Encouraging envy between consumers could boost your business, according to a USC researcher shedding new light on how it drives consumer behaviour.
Psychologist Dr Darren Boardman said despite its bad reputation, envy was an important social emotion and his research had unlocked insights into how service providers could manage it for their benefit.
“Consumers often seek services they can use to increase their social status and can become envious if outperformed by other consumers,” said Dr Boardman who recently graduated with a PhD from USC’s School of Business.
“Experiencing envy can motivate a person to either try harder or become hostile and critical, however previous research has had difficulty explaining why people responded in either a positive or negative way.”
Dr Boardman has now discovered that people’s reaction often depended on whether they believed the other consumer deserved the better service.
“For example, if a consumer sees an airline randomly giving someone a free upgrade to business class this may increase the risk of them complaining or refusing to use the airline,” he said.
“However, if there is a clear reason why this consumer deserves the upgrade, such as being loyal to the airline, this can encourage others to engage more with the service to try to btain the same benefits.
“Knowing these triggers may help businesses better understand how to design a service to gain or retain customers.”
Dr Boardman’s research identified several services used by consumers to boost their social status such as higher education, and premium airline, beauty, personal training and fitness services.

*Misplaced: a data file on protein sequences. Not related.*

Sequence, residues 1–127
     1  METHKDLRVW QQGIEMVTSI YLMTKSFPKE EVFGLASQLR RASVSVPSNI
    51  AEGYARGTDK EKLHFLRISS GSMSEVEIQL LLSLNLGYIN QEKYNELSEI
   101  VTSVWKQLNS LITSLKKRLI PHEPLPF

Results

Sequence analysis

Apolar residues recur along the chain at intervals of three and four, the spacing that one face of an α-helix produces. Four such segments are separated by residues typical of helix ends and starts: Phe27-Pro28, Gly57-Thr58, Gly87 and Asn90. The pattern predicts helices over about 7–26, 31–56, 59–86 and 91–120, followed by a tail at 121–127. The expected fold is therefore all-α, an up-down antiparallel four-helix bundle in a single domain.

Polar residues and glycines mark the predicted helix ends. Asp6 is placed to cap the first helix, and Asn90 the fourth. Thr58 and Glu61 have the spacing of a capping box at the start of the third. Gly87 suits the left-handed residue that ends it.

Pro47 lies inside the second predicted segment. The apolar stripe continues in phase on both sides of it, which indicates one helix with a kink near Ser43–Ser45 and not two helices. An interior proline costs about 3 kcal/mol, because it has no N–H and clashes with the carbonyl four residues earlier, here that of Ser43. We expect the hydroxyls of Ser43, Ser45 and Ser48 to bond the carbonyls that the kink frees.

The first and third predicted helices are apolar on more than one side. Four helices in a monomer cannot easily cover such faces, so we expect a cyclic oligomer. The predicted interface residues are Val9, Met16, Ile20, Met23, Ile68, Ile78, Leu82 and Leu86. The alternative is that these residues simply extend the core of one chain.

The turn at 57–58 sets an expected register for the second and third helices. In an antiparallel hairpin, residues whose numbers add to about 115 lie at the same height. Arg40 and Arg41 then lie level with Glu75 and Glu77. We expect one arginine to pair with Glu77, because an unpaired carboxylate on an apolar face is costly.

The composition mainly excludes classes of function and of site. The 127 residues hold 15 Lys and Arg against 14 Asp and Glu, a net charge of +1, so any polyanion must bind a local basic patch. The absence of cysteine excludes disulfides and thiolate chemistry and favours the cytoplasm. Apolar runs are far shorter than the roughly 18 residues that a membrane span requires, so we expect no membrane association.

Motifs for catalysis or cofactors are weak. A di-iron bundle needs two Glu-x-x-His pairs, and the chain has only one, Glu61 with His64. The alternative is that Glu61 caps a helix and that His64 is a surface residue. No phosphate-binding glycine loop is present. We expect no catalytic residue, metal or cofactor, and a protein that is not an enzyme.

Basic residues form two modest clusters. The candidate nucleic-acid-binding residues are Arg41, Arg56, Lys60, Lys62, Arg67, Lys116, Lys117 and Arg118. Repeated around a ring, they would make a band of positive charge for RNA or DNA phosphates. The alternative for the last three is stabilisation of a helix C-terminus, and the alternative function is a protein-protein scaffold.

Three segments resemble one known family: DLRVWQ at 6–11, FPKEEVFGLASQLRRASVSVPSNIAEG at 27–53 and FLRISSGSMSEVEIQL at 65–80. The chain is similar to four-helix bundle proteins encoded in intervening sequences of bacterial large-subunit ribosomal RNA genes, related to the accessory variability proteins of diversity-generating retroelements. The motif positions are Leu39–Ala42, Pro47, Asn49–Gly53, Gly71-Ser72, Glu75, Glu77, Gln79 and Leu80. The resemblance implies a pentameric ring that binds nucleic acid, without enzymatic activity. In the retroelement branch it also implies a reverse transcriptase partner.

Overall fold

After several years working as a private psychologist in Gympie, a desire for a career change led to Dr Boardman devoting the past few years to researching the ‘keeping up with the Joneses’ phenomenon.
“I was looking for a new challenge career-wise and returned to university to develop skills that would complement my psychology background,” he said.
“Surprisingly, there had been little research examining how envy influences consumer behaviour and so there was scope to make an original contribution to the body of knowledge.”
Dr Boardman has a long history with USC. He was part of the first intake of students when it opened its Sunshine Coast campus in 1996.
“It is hard to know where to begin to explain how much I gained from completing a PhD,” he said.
“Apart from the specific research-related skills you develop, it is also a very personal journey where you discover your limitations and somehow find it in you to overcome them. In short, it was a very humbling but empowering experience.”